popq %rbx
        jmpq *16(%rax) # call to C::b is not!

This looks like it was just standard LLVM optimizations forwarding the vptr
store and evaluating the load from the constant global. Because C::a is
external, we think it could have modified the vptr, so we fail to
devirtualize b.

_ZN1CC2Ev: # base ctor
        pushq %rbx
        movq %rdi, %rbx
        movq (%rsi), %rax
        movq %rax, (%rbx)
        movq 8(%rsi), %rcx
        movq -32(%rax), %rax
        movq %rcx, (%rbx,%rax)
        movq 16(%rsi), %rax
        movq (%rbx), %rcx
        movq -40(%rcx), %rcx
        movq %rax, (%rbx,%rcx)
        movq (%rbx), %rax
        callq *(%rax) # looks like even C::a is not devirtualized
        movq (%rbx), %rax
        movq %rbx, %rdi
        popq %rbx
        jmpq *16(%rax) # call C::b is not devirtualized

I don't fully understand how VTTs are supposed to work here, but it looks
like we don't have a vptr store to forward, so LLVM can't devirtualize. It
would have to be a clang IRGen optimization.

Nick sent some patches to try to teach LLVM that the vptr is usually
constant across most calls, but they failed to handle certain corner cases
involving placement new that John raised.

Why generate virtual call (in LL) in the first place?

Hi John,
...
I also have a somewhat related ABI question.
Is there any reason to keep virtual this-adjusting thunks in the
vtable when the class is fully constructed?
I think all the offsets between bases are known statically at the end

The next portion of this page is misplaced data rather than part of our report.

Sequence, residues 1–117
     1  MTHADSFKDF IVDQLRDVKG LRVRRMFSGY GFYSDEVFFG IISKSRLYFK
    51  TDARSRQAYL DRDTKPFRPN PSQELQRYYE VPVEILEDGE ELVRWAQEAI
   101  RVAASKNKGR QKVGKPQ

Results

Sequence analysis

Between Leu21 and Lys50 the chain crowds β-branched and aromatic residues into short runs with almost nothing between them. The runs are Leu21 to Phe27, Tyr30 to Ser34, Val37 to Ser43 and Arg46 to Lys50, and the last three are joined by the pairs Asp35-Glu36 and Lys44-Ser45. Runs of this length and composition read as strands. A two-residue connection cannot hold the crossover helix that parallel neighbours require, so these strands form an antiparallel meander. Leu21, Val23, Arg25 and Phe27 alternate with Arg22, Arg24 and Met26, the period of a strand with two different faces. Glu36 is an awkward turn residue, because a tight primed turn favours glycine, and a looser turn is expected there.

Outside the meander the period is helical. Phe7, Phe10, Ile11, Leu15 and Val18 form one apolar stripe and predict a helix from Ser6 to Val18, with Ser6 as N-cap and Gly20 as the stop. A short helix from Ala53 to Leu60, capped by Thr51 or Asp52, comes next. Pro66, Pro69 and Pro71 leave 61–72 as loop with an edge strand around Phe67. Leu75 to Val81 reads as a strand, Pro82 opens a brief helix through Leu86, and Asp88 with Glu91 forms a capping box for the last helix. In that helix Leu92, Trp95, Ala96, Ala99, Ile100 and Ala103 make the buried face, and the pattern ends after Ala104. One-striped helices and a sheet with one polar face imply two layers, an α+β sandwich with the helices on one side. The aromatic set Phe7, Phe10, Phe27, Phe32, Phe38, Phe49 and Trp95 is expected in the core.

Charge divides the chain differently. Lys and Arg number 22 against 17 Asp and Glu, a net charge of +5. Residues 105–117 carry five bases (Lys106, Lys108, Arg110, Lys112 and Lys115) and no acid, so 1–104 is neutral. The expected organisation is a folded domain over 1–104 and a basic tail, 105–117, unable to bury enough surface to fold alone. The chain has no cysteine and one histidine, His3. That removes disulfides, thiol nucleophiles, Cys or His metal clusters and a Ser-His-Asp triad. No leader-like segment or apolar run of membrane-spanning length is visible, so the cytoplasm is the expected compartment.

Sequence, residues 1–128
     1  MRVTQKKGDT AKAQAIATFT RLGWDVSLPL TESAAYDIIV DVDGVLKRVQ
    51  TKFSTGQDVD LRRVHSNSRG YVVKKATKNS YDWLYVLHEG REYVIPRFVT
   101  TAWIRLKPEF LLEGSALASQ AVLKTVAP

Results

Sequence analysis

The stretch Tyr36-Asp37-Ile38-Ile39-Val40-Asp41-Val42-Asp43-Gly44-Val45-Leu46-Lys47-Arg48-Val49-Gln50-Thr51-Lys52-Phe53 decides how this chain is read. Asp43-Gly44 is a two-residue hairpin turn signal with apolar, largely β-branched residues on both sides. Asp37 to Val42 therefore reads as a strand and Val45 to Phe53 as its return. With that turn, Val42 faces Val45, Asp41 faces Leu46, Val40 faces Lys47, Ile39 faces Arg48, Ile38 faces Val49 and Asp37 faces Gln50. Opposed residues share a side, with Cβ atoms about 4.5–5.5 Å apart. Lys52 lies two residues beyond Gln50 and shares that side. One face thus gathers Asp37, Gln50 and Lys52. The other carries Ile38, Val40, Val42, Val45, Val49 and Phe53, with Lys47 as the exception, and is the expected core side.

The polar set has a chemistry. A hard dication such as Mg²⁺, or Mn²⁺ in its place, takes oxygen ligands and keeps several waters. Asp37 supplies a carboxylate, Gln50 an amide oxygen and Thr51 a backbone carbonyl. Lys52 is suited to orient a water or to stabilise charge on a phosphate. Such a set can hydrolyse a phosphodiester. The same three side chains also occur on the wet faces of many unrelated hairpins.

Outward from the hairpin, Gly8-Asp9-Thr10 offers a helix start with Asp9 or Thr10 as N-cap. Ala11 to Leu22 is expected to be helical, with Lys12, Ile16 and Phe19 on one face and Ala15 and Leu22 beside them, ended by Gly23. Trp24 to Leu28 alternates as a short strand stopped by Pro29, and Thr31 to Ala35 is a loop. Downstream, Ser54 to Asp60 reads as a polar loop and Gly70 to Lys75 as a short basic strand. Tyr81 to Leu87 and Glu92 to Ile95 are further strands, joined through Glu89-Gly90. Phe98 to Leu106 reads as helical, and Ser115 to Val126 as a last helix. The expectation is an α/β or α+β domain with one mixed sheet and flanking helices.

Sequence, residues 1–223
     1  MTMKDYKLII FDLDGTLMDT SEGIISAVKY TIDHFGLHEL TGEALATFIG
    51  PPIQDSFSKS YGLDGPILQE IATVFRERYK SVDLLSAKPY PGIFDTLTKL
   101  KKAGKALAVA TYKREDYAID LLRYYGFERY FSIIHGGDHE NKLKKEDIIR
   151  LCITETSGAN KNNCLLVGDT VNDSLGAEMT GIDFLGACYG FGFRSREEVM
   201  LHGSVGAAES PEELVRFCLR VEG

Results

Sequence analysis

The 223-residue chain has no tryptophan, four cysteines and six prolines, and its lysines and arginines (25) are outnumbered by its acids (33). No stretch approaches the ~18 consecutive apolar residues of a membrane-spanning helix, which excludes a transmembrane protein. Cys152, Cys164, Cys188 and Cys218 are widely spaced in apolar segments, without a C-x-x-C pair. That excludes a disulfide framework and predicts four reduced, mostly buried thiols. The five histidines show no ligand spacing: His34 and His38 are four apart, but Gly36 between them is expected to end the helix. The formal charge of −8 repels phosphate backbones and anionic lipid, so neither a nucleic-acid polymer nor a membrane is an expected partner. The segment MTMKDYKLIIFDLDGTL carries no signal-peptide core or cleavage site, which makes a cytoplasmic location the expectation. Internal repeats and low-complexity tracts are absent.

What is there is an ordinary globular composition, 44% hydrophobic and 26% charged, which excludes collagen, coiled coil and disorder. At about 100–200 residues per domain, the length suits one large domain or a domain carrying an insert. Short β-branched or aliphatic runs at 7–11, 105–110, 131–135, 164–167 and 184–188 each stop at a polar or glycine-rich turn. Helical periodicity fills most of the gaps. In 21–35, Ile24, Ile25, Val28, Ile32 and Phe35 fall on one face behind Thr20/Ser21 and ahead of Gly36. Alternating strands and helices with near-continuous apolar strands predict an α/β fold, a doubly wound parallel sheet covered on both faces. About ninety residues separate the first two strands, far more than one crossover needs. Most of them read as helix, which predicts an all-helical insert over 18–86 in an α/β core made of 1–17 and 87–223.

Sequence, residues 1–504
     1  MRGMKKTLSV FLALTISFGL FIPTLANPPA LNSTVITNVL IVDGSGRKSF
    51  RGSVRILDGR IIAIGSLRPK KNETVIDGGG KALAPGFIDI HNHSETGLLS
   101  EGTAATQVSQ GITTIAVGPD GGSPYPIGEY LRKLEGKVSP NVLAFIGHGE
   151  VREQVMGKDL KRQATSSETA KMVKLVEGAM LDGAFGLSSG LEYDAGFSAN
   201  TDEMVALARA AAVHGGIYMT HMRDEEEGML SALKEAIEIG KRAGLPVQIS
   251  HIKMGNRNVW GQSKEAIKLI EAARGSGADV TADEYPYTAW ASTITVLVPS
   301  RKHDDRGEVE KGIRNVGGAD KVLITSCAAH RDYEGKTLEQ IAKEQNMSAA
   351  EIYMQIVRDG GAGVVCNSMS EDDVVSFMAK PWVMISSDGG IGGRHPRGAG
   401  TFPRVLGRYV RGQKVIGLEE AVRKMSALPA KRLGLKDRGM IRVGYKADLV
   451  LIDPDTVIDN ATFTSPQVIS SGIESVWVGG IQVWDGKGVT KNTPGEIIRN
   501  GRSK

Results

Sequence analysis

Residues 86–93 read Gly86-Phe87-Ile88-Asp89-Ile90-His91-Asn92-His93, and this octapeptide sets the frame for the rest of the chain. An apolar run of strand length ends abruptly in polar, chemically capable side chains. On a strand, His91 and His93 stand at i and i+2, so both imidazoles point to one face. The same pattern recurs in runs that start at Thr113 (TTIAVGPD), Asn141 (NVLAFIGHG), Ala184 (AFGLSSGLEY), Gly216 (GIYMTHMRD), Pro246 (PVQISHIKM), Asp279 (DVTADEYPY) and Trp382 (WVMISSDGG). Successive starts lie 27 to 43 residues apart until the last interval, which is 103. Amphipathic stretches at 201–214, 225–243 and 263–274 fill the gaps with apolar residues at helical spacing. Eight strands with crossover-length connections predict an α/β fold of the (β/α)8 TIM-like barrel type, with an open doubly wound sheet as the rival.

of the complete object constructor, so a special "final vtable" with
only static this adjusting thunks can be used instead of a regular
vtable?
Am I missing something?

John, do you have any opinions on the most derived class vtable question?

This is a special case of the general optimization called customization, described e.g. here:
  http://dl.acm.org/citation.cfm?id=74831
The idea is to reduce dynamism in a function by emitting a version of it that's only valid when a parameter (typically "this") has an exact dynamic type.

In general, customization is both valid and useful, with the caveat that it’s a trade-off between dynamic performance and code size. For the specific case of thunks, though, the code size cost is probably tiny enough to not be worth worrying about, especially if you make a point of sharing customized thunks when possible.

However, you do have to worry about the thing that thunks always have to worry about, though, which is that you cannot always faithfully forward a function call. If the call ABI relies on the exact position on the stack (e.g. if the call is variadic or has non-trivially-copyable arguments under the MS C++ ABI), then it can only be forwarded with a tail call. That’s not always possible — e.g. if your thunk is also a covariant return thunk — and, even when it is, LLVM does not currently provide a guaranteed replace-this-argument-and-tail-call operation.

As a special case, when emitting v-base adjustment thunks for a method defined in a final class, we should always be using a static adjustment.

John.